The 52 weeks off is crucial for reflection - everything changes when you have a baby. You can't decide anything in a few weeks with such a major life shift. Plus, it is so important to get to know your baby - their rhythms - and not to mention, so special as a parent/child bond.



  1. Hi,

    Stumbled upon your blog today, and discovered that we both have daughters very close in age. Ours was born end of June, 2012. Even more interestingly, "Maya" was one of names in our baby list! Your Maya looks very cute!

    I noticed something in this post and thought to ask a clarifying question: In the list of countries with worst maternity leaves, I see you've put India, with 12 weeks, full pay. Do you have a specific source for this information or is this anecdotal? Is this for government jobs or the private sector?

    Why I ask this, is because I know of a number of people in India, in government jobs, who get up to a year off, full pay! I also know of people in the private sector who get 6 months, full pay! I'm envious of them! Here in the US, my wife got 12 weeks unpaid (but covered under FMLA, for about 60% of her pay).

    ~ Krishanu

    1. Hi Krishnau,
      Thank for reading! Congrats on your baby! I can't believe my Maya is a toddler already. It went by so fast.
      That is wonderful to hear that your friends in India had got more time off on maternity leave, it is so important for a woman.

      I found some of my info on here:

      If you can give me a link regarding your info on the longer maternity leaves in India you were talking about, I will correct that part on my article.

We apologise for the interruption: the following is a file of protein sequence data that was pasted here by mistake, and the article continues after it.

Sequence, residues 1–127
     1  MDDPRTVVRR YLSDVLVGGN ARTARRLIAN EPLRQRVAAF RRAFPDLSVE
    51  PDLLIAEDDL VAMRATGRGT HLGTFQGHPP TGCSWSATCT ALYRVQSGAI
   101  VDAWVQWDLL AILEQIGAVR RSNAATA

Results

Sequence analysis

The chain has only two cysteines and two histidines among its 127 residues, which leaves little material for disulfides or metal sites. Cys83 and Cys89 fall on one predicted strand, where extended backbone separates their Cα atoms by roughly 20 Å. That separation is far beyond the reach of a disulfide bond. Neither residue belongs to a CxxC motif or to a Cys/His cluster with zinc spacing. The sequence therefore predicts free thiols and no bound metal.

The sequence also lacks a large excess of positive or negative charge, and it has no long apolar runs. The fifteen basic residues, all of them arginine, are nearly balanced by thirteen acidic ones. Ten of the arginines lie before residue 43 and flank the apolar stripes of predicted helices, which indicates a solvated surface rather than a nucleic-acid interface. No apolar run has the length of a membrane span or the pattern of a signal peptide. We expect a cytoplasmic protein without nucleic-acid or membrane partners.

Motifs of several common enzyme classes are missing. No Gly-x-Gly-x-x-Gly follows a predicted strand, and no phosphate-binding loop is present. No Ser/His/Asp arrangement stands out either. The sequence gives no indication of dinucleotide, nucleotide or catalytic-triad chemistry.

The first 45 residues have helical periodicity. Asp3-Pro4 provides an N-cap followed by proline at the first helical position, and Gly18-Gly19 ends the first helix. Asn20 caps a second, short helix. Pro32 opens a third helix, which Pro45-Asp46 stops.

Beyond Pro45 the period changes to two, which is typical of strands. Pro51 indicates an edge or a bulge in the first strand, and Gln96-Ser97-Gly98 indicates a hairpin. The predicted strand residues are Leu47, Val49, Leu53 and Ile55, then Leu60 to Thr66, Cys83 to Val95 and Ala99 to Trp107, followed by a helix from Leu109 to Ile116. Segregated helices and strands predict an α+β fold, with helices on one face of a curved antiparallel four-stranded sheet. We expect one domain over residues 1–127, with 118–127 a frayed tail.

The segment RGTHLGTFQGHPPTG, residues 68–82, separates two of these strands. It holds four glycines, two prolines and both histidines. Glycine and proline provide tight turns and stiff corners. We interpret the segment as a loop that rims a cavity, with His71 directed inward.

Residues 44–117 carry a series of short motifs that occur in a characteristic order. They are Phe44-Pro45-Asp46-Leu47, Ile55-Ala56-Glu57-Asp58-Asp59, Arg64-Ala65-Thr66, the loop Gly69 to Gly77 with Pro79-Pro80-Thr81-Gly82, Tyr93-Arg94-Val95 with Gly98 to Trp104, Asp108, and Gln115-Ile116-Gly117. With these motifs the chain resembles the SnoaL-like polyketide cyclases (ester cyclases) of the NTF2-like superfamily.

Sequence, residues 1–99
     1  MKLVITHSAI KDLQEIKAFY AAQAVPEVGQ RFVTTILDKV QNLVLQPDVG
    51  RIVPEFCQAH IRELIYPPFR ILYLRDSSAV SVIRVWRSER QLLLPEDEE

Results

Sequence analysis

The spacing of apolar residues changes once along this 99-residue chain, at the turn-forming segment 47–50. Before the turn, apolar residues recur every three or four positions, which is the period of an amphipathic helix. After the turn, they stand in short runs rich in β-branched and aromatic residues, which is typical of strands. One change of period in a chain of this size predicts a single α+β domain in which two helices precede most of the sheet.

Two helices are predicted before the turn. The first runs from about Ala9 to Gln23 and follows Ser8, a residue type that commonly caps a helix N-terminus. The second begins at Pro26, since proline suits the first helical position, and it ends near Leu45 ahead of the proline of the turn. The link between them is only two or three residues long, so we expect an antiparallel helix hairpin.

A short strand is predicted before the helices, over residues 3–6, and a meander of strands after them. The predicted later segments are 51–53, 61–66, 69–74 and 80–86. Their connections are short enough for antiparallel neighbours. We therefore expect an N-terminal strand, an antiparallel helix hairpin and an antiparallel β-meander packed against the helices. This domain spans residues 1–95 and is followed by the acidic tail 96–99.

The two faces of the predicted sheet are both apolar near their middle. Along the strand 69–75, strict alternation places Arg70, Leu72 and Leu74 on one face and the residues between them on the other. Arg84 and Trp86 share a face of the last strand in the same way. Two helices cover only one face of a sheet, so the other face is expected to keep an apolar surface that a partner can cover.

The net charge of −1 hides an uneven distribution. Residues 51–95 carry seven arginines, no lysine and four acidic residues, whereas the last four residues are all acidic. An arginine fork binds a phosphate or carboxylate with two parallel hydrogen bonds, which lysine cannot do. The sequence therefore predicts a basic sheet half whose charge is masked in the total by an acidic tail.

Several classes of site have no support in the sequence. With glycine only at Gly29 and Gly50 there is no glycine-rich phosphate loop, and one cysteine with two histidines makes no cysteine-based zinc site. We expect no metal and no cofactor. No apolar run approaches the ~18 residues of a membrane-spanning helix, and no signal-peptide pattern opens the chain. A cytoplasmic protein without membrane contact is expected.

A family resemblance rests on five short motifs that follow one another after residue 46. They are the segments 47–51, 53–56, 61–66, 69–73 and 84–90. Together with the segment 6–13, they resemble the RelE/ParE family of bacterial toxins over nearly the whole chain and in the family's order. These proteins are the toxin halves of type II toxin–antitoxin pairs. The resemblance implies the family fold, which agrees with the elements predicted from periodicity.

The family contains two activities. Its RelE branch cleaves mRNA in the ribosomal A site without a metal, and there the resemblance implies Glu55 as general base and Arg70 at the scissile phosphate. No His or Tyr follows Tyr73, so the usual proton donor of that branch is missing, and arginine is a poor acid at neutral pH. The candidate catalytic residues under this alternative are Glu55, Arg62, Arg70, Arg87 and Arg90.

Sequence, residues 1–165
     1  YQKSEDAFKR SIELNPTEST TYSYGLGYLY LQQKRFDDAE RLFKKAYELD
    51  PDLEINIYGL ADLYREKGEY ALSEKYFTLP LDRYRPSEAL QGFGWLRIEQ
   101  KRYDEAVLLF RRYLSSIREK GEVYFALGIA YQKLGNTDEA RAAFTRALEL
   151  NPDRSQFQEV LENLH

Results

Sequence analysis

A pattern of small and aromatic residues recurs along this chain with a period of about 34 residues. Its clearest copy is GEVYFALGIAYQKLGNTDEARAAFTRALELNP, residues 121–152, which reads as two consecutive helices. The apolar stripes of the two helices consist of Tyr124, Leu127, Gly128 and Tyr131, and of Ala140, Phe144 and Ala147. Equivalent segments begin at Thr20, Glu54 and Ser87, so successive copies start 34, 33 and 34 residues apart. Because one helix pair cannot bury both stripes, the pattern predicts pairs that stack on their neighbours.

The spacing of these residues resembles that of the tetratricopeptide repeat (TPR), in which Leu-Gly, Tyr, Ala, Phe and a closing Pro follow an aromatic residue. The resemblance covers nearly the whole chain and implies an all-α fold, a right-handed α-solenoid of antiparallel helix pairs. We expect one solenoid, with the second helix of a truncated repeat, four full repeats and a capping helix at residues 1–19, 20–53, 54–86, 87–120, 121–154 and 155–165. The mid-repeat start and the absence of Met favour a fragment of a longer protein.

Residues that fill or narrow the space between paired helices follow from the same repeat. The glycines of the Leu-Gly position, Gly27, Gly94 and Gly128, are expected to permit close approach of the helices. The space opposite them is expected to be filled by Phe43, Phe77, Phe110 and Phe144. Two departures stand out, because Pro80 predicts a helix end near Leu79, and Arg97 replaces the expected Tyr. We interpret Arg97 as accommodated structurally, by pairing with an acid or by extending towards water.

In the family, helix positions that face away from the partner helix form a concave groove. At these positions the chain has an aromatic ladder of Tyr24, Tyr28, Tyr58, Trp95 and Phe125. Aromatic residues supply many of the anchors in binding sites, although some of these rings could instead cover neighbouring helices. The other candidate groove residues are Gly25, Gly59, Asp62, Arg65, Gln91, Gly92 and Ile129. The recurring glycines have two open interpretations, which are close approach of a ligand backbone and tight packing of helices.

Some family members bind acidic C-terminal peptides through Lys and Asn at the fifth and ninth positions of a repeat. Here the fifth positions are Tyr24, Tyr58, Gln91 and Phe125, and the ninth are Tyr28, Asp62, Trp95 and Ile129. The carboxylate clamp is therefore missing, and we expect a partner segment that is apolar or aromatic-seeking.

Thanks for the clarification :)

    2. Ohkay, thanks for the references! Seems like "female employees of the Central Government of India receive 180 days of leave", as per Wikipedia. Various states government might have different rules. Who knows! I was curious to know if there actually were any set rules.

      Incidentally, you trod upon a very Indian (more specifically, South Indian) faux pas, when you wrote down my name as "Krishnau" instead of Krishanu :D
      Documented here =>

    3. Sorry for the faux-pas! I'll remember for next time. Although it's interesting that I pronounced it the South Indian way as opposed to the American...a coincidence? I think not...looks like I'm more South Indian than I realize ;) hahaha..

      I can relate to the name confusion because in the US everyone called my husband "MAD-HAVEN" - the Americans with their large vowels (especially A - which becomes "Aaay") couldn't figure out how to pronounce the Indian "dha"! (His name is Madhavan)

      When I was researching this article I remember going onto an Indian Gov't website in which they had explained the maternity leave - but it was incredibly confusing. So I think you are right, that it all depends on the company. But it looks like the "flat rate" is the 12 weeks, it seems.